Cat Step by Alison Irvine
Gripping and poignant, Alison Irvine's Cat Step is a refreshing representation of the complexities of motherhood
When Liz, the mother of four year old Emily, leaves her sleeping daughter in the car while popping into a Co-op, she doesn't expect to return to find strangers waiting for her, full of questions and scathing judgement. In the minutes she was gone, she stopped being Liz – new arrival in a small Scottish town at the foot of the Campsie Fells – and became the mother who abandoned her daughter in the car, the mother who was lazy and careless, the mother who needs social workers and neighbours to keep an eye on her. Her split-second decision, one borne from reluctance to disturb her unwell daughter, unravels Liz and Emily's attempts to start their lives afresh.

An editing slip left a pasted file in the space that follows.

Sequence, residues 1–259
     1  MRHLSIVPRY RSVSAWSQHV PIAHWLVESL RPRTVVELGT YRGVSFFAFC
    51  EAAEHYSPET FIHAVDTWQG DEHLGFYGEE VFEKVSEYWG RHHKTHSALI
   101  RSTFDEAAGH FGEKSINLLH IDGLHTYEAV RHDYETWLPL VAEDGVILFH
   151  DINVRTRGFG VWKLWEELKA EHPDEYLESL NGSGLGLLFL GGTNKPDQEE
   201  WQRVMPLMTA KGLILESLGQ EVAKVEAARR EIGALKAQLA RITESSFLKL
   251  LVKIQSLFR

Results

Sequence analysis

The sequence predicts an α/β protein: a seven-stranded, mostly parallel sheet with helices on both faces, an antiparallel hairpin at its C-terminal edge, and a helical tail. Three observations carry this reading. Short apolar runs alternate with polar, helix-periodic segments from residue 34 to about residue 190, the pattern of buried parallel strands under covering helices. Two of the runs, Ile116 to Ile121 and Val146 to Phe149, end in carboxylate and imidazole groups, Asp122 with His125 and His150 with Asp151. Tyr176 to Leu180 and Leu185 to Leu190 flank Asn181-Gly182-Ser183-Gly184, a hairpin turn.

Cat Step asks us whether the societal expectation of mothers to be perfect caregivers is fair, and demonstrates the harm caused by harsh judgements we impose when women don't meet this impossible standard. In a welcome and refreshing representation of the complexities of motherhood, it demands we not look away from Liz's brittleness, the rage that sends her spiralling, and the grief that haunts her, however uncomfortable it makes us and the people around her.
Irvine also delves into the importance of community and friendship, along with the significance of being part of something where kindness is offered unconditionally. Skilfully constructed, Cat Step is gripping, poignant, and at times an absolute gut punch.